Blue Cross use that information in determining eligibility for Direct Pay
       insurance.


       A review of the Direct Pay application form currently in use by Blue Cross
       indicates that it collects the information suggested in the recommendation.


   2. It is recommended that Blue Cross provide information about small employer
       plans and how to apply for them over a toll-free line, as required by Regulation
       82(10)(C).


       Blue Cross provided the examiners with (800) 637-3718 as its toll free
       number to obtain information about small employer plans. When the
       examiners initially dialed this number, it connected to the Individual Sales
       Department. Blue Cross was informed that the toll free number provided did
       not meet the requirements of RI Regulation 82-10(C).


       Blue Cross has corrected the problem and currently the number does
       connect to the small employer group sales department.


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3. It is recommended that Blue Cross review and revise their plan rate relationship
   factors to ensure that their rates for CHiP and Blue Cross products differ only by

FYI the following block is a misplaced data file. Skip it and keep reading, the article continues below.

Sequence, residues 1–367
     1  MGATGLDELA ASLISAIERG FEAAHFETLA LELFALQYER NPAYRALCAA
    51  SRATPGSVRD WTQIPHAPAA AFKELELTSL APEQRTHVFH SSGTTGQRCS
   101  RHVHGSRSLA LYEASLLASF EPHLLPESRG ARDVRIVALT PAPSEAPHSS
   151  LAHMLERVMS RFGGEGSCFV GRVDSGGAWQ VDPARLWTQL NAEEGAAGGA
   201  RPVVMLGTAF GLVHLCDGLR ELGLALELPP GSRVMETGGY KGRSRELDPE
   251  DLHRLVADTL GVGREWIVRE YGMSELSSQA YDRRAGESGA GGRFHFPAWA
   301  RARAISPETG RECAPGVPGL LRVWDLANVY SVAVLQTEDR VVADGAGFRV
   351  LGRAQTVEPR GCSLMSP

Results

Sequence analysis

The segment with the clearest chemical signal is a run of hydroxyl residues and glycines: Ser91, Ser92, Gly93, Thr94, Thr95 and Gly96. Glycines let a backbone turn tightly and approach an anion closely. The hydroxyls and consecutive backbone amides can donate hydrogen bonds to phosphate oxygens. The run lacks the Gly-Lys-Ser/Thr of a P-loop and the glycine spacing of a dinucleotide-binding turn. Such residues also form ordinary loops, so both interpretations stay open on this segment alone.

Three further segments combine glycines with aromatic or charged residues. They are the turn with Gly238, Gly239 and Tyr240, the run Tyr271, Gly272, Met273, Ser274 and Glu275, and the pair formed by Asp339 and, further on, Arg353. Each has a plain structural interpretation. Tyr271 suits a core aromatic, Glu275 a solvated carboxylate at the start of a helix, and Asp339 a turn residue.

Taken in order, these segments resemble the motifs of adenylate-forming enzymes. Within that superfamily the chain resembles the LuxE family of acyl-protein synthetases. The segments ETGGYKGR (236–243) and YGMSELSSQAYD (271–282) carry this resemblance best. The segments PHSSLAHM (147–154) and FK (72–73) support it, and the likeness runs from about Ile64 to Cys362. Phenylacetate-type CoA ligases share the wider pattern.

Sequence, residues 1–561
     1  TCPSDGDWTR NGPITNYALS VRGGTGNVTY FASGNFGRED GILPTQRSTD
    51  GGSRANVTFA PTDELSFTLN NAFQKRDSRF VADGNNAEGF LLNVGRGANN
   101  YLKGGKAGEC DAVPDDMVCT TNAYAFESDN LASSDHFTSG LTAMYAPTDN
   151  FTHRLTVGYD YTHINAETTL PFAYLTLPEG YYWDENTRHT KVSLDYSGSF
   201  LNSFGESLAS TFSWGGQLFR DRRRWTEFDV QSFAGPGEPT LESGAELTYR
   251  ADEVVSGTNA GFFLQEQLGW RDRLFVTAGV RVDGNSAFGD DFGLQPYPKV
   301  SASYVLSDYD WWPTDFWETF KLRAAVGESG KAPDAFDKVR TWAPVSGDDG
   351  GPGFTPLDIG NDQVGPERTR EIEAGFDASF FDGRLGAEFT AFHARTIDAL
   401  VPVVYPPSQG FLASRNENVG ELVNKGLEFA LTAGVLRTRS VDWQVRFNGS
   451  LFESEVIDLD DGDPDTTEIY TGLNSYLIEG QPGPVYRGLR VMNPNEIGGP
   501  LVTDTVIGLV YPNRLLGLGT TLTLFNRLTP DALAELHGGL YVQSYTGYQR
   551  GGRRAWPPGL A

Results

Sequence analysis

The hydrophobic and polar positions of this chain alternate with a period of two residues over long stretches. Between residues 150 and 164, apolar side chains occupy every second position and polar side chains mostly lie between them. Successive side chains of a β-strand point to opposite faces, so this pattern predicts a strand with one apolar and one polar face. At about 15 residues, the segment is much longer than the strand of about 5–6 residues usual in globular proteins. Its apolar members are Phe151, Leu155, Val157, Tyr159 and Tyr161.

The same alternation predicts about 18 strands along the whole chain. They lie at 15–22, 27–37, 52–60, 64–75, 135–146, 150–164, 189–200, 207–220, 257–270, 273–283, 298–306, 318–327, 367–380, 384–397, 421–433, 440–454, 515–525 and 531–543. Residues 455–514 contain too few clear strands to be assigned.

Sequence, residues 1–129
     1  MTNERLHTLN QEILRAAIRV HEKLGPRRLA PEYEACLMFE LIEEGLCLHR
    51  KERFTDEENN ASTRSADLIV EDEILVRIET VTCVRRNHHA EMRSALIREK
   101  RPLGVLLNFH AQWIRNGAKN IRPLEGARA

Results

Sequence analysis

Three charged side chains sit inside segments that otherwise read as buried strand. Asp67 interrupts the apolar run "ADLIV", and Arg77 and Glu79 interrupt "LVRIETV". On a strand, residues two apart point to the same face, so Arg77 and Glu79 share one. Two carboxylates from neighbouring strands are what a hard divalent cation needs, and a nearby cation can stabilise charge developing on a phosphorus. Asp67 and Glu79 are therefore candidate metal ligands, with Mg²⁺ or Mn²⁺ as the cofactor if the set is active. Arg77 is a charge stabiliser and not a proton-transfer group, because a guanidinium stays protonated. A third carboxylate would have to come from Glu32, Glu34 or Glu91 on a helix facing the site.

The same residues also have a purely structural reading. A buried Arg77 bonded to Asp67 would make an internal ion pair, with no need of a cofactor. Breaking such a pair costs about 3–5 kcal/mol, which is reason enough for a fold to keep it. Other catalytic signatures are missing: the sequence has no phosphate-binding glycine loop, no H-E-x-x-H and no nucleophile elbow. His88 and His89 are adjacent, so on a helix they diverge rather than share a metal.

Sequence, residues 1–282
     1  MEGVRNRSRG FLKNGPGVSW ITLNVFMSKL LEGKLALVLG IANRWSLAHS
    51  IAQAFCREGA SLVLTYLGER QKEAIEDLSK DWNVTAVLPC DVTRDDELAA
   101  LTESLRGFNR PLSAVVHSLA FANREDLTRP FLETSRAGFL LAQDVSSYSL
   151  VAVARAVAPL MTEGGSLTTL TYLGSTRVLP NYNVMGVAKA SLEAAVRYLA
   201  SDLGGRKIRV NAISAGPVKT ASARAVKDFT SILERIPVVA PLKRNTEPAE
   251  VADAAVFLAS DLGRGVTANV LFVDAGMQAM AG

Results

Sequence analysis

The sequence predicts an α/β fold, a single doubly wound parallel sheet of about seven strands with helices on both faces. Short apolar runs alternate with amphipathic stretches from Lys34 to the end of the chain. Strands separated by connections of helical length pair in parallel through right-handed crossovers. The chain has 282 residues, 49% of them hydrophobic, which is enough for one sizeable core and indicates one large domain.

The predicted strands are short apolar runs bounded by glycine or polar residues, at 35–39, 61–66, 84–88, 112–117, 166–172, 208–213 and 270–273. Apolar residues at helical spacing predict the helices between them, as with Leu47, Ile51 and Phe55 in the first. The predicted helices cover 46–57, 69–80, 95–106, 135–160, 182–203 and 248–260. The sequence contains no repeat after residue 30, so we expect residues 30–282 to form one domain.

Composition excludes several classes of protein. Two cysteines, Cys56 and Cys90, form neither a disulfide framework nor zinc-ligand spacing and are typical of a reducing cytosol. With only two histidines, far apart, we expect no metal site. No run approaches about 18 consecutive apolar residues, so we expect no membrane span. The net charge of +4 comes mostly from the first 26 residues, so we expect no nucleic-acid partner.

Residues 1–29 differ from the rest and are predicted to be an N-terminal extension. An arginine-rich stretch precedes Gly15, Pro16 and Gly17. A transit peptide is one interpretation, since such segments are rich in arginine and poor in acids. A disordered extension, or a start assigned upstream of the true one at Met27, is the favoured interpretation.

amounts attributable to plan design.


   A review of Blue Cross’s rate manual indicates that the rates for all Blue
   Cross plans (including CHiP plans) are developed as a multiple of the rate
   for a standard plan (benefit factors). The benefit factors are based on an
   analysis of their overall book of business.          Blue Cross therefore is in
   compliance with this recommendation.


4. It is recommended that Blue Cross not include their CompAlliance factor as part
   of their calculation to determine the application of the 4-1 compression to the
   group.


   Blue Cross has implemented changes in the calculation process consistent
   with the recommendation. A review of Blue Cross’s rate manual indicates
   that the rate ceilings are adjusted for the CompAlliance credit, if applicable
   for a specific case. The rate calculation process used by Blue Cross is
   consistent with this description.


5. It is recommended that Blue Cross maintain a rate manual that includes the
   required elements to calculate a rate, and the required documentation of the
   development of base rates, base rate relationships, and expense allocation.


   The examiners reviewed Blue Cross’s rate manuals applicable for business
   issued or renewed in the third quarter and fourth quarter of 2005. The rate
   manuals respond appropriately to the changes recommended, with minor
   exceptions noted in the report.




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6. It is recommended that Blue Cross improve their disclosure information for new
   business proposals and renewals regarding the factors that influence rates,
   provisions related to renewability, and the availability of statutory plans.


   Sample proposal packages reviewed by the examiners include a sheet titled
   “Disclosure of Certain Rating and Renewability Provisions.” The
   information provided on this sheet provides the required information related